A NEW PARADIGM OF RELEVANCE FOR PROPAGANDA?
After years of veiled threats being publicly aired by al-Qa’ida, both in its leaders’ statements and in publications such as Inspire, it has become commonplace for senior intelligence and law enforcement officials to view with circumspection statements of intentions to expand terrorism operations in the West contained in jihadist groups’ propaganda libraries. For example, days after the Paris attacks in November 2015, as Islamic State propagandists increased communications about prospective plans to execute attacks in Belgium, the UK, and the US, FBI Director Comey advised, “ISIL propaganda is not ‘credible intelligence.’” Yet there is increasing evidence that, due in large part to the unprecedented competition for dominance within the Global Jihad movement underway between the Islamic State and al-Qa’ida, prudence may require a recalibration of how counterterrorism practitioners analyze propaganda materials.
By the time FBI Director Comey issued that statement, it was widely known that at least one of the terrorists involved in the Paris plot had been featured prominently in Islamic State propaganda materials. Additionally, the Islamic State’s mouthpieces had repeatedly expressed the group intended to expand its operations in the West, with France receiving a great deal of attention in the group’s propaganda.
Given the intensely orthopraxic ideology (i.e. Salafiyya Jihadiyya) that informs the agendas of the Islamic State, al-Qa’ida, and all elements comprising the Global Jihad movement, one way for the Islamic State to achieve favor over al-Qa’ida among key prospective bases of support is through action. For, according to the most basic tenets of this ideology, faith is demonstrated by action. Or, more specifically, by waging jihad against individuals and entities perceived as agents of “unIslamic” agendas which threaten to undermine the influence capabilities of the truly faithful by relegating the significance of the “pure” faith in all institutions. Moreover, most all elements comprising the Global Jihad movement aspire to punish Western governments and their bases of support, which are viewed as responsible for damaging the integrity of Muslim societies by imposing secularist influence in so-called “historically Muslim lands” that they believe ought to be ruled by strict interpretations of sharia (Islamic law).
Clearly, at a time when the Islamic State is competing with al-Qa’ida for dominance in the Global Jihad movement, for the Islamic State’s leadership, matching words with deeds is a crucial component of their strategy to establish perceptions of credibility among key prospective bases of support — from branches of al-Qa’ida the group hopes will defect, and pledge bayat (allegiance) to al-Baghdadi, to major terrorism financiers in the Gulf, and from aspirant jihadis who have not yet joined a group, but are headed to the Islamic State’s primary areas of operations, to not-yet-radicalized prospective recruits around the world.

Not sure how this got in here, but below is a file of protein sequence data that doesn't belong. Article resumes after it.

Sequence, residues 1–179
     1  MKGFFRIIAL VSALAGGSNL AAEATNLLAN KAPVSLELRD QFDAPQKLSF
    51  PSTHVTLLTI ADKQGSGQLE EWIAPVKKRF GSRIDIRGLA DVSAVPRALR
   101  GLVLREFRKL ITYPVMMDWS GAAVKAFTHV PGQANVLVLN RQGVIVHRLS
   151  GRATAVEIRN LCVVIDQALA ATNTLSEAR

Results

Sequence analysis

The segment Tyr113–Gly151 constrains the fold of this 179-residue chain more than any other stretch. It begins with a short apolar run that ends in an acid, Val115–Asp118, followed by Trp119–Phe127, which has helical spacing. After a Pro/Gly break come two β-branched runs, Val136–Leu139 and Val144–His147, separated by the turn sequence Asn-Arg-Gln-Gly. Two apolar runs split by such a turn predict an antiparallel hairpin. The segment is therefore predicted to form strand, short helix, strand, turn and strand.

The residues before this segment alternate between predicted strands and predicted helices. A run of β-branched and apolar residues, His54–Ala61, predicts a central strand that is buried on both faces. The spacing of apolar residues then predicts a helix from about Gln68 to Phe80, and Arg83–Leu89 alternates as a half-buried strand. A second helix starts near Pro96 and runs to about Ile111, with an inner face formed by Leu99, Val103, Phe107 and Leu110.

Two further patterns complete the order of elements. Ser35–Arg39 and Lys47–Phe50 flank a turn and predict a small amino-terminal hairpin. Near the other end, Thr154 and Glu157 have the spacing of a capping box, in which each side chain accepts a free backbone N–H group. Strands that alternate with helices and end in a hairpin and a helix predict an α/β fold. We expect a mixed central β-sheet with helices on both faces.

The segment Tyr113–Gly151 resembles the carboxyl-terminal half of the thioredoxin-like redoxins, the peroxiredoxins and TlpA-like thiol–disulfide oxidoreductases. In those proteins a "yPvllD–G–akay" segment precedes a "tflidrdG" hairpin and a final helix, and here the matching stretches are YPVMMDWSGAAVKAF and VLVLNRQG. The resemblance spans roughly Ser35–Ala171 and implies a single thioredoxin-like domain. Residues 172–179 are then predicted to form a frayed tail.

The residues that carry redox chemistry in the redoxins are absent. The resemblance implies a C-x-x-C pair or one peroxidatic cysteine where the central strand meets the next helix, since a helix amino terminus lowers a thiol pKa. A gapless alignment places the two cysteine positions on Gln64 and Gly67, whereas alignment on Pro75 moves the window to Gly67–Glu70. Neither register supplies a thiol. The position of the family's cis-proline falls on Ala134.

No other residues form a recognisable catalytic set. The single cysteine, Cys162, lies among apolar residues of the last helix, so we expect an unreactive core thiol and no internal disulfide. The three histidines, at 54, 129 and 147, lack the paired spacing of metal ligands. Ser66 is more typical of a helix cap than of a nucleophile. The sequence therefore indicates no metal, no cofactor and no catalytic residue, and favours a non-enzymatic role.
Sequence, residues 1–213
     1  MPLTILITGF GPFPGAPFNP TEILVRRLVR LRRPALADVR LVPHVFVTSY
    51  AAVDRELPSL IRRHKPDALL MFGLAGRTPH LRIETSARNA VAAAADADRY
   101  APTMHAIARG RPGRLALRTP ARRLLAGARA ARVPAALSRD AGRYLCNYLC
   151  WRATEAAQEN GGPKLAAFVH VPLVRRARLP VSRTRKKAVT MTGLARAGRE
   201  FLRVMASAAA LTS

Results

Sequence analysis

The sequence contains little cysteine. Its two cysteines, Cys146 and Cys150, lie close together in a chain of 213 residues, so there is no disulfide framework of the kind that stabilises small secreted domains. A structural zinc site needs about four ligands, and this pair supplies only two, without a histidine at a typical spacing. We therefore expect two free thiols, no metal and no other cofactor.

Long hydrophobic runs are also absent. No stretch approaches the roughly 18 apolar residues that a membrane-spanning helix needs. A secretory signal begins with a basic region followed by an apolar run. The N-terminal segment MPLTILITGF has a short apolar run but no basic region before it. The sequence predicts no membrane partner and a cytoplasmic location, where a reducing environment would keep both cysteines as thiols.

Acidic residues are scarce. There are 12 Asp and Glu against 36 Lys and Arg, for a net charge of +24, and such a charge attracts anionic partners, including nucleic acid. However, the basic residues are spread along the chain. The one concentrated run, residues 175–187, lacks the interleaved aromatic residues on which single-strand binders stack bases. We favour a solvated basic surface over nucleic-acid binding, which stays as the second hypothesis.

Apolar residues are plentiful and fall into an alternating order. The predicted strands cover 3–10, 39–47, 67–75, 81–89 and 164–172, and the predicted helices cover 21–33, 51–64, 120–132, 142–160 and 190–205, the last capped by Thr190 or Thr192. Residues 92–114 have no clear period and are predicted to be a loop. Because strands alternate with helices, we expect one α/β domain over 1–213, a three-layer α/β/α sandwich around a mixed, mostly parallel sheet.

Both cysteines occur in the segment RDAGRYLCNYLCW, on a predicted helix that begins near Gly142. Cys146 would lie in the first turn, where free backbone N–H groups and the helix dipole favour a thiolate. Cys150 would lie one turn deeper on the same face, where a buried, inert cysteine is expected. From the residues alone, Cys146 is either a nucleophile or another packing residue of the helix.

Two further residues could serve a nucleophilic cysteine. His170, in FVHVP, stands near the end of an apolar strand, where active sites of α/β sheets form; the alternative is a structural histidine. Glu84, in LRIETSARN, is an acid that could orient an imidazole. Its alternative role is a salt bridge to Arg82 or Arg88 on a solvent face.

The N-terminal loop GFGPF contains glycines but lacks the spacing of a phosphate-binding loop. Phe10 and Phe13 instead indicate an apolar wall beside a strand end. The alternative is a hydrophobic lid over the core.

One way to manage perceptions in this regard is to publicly issue statements concerning the group’s objectives, such as the executions of attacks in the West, and then meet, or exceed expectations created through the issuances of these statements. Meanwhile, one way to make al-Qa’ida look like all-blow, no-show toothless tigers is to execute attacks which have been called for by al-Qa’ida. Thus it is noteworthy that intelligence indicates an individual linked to al-Qa’ida’s network in Gaza may have called for an attack targeting the Bataclan theater in 2009.
As the US and other governments continue to refuse to respond to threats posed by the Islamic State with the ground forces-intensive measures that al-Baghdadi knows will propel him into the status of a Mullah Omar — whom al-Qa’ida’s leadership pledged bayat to and referred to using a title historically reserved for the caliph (i.e. Emir al-Mu’minin) — it is reasonable to anticipate his group will increasingly orient its resources toward demonstrating it is capable of doing things in the West that al-Qa’ida leaders (mostly) only talk about. And it is very likely that statements concerning intentions to conduct operations in certain areas contained in the group’s propaganda will be harbingers of terrorist attack plots executed by the group’s members and supporters.
Not only does the pairing of overt statements concerning plans to conduct operations in a given area with actual attacks in that area serve to bolster perceptions of the Islamic State’s credibility among both its acquired and prospective bases of support; this increases the terrorist group’s capabilities to terrorize civilian populaces by undermining confidence in technologically-superior governments’ capabilities to manage threats posed by this group. Indeed, it is difficult to imagine the impact of this scenario: The next time the Islamic State tweets a home address for a senior intelligence official like FBI Director Comey, or CIA Director Brennan, a terrorist is already on standby to hurl a bomb — made in the kitchen of her mom — at that official’s home. (Yes, we did share the tweets containing addresses for D/FBI Comey, D/CIA Brennan, and other current and former senior USIC officials with the appropriate authorities.)
Also see “The Imminent Front” by Michael S. Smith II
The following are screenshots from the Al-Hayat (Islamic State) video “Kill Them Wherever You Find Them”